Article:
I wrote in a previous post (here and here) that my parents were somewhat of a hoarder, though not serious ones. They are the type who do not tend to throw things away if they are in good condition, despite the fact that they are probably not going to use them at all, or ever again.
Dave and I moved into our new place recently (see our home feature here). When my parents visited, they were awed by the space and how little stuff we have, although according to my mother, they will tend to accumulate over the course when you start living in it.
Despite saying that, they love the space. They love how little we have. They love it how easier it will be to clean the house with less stuff and how much faster it would be as well. And most importantly, it felt great with less stuff, since there was no clutter and it was airy, and we only have the essentials, not excess.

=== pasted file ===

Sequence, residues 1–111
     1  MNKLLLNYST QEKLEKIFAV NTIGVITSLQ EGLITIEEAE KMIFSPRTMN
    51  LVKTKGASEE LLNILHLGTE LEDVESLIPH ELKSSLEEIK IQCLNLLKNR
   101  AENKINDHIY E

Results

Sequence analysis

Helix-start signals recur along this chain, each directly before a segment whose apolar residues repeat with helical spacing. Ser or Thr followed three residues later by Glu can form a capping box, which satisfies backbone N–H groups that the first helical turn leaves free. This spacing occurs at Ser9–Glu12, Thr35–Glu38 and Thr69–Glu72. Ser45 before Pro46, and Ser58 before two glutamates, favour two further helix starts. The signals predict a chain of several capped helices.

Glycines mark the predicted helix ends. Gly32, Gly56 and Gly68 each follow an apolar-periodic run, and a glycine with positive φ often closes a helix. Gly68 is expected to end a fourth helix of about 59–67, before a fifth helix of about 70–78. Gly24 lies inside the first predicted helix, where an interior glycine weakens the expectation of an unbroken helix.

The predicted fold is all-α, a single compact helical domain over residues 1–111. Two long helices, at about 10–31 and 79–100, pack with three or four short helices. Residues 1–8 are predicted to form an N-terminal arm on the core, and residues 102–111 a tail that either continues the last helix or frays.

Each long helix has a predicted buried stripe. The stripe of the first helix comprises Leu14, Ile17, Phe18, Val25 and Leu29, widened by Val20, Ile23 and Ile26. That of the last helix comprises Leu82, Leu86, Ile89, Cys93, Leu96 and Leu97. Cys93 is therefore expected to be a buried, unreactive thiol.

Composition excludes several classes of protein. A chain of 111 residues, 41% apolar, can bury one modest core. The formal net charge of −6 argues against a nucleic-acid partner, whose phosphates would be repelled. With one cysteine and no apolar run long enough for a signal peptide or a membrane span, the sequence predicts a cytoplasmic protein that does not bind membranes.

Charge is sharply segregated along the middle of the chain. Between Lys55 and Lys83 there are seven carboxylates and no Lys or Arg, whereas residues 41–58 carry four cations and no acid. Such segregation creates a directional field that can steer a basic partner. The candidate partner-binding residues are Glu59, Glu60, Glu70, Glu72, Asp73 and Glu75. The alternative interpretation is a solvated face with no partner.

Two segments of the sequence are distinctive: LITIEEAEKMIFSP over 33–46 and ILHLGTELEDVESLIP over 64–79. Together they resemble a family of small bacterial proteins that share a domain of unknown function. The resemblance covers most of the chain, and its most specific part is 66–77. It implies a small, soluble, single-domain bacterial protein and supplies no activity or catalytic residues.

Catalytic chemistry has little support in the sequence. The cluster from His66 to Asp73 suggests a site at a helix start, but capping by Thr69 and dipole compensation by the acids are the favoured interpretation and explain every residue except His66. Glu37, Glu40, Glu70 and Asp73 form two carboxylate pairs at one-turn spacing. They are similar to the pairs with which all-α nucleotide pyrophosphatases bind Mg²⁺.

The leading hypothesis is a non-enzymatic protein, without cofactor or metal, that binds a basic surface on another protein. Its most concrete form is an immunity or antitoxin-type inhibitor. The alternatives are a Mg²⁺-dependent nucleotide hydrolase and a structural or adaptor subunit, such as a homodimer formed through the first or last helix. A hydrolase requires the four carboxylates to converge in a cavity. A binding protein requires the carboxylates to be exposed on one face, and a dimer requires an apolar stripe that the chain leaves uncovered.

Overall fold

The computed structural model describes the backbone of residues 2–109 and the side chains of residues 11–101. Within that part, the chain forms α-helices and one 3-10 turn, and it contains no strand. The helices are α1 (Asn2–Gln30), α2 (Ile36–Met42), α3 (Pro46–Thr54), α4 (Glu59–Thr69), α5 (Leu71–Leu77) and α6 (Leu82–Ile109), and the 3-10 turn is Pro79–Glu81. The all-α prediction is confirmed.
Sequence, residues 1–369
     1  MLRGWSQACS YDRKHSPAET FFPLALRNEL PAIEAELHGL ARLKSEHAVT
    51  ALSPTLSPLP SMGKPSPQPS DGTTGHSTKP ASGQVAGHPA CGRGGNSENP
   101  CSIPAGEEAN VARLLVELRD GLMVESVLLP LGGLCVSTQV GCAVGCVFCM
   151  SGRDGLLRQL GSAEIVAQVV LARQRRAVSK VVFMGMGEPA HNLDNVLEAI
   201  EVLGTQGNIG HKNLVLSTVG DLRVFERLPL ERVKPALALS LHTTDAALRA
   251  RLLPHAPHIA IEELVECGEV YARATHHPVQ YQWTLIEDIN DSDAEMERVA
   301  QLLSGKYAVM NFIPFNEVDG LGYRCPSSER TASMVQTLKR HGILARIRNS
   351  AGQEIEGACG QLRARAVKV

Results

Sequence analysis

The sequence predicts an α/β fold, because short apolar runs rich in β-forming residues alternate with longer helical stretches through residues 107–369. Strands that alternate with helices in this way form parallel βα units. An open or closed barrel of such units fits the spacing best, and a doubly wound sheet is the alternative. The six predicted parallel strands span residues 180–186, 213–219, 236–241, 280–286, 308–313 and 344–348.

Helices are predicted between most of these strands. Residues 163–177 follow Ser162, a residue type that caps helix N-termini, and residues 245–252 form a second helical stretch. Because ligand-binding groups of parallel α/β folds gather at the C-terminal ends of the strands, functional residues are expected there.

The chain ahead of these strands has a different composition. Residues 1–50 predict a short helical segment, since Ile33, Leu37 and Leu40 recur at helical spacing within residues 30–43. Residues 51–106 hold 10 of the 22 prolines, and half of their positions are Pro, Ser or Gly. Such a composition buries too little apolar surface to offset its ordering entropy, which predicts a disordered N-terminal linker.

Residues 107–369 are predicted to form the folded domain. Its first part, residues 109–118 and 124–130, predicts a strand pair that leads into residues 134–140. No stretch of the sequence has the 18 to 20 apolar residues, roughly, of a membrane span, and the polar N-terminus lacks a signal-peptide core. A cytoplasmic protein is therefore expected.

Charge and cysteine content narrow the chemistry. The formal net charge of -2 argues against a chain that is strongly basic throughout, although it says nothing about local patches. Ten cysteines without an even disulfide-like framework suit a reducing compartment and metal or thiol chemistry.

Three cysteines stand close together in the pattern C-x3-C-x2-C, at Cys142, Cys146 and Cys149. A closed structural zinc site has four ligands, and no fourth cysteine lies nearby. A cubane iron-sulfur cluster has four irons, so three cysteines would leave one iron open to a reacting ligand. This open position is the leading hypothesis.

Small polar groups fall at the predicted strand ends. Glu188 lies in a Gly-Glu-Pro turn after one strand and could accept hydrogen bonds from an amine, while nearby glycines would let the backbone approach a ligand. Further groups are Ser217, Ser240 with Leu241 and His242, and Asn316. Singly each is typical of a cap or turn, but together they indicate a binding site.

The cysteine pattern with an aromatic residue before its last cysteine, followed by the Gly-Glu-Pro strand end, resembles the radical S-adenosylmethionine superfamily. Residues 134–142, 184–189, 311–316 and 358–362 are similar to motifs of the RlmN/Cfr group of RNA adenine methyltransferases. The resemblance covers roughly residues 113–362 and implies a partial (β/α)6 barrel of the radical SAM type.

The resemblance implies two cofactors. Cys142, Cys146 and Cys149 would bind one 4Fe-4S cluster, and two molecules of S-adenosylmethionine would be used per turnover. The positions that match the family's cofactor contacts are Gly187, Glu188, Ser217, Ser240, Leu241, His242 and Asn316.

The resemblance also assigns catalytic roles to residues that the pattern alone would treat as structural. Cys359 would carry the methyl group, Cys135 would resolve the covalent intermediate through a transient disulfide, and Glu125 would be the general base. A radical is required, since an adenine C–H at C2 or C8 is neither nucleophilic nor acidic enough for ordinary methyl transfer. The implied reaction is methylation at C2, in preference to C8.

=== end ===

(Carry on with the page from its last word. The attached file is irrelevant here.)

After they went back, they went through a decluttering process themselves. They didn’t manage to declutter everything but at least they started. They started throwing stuff away.
All this while I had been trying to explain minimalism to my mother, and she didn’t quite understand it. Thinking that minimalism is wastage, throwing away stuff that are in good condition. However, only one visit to my new place did the trick. As the old adage goes, you try to inspire others through actions, not words.
If you want to inspire someone to become a minimalist, or at least the notion of becoming one, do it through actions, not words.
Show them how much clear-headed we are.
Show them how much happier we are despite having less stuff.
Show them how simplicity beats excess.
Becoming a minimalist is one way to inspire others to become one.
You walk the talk.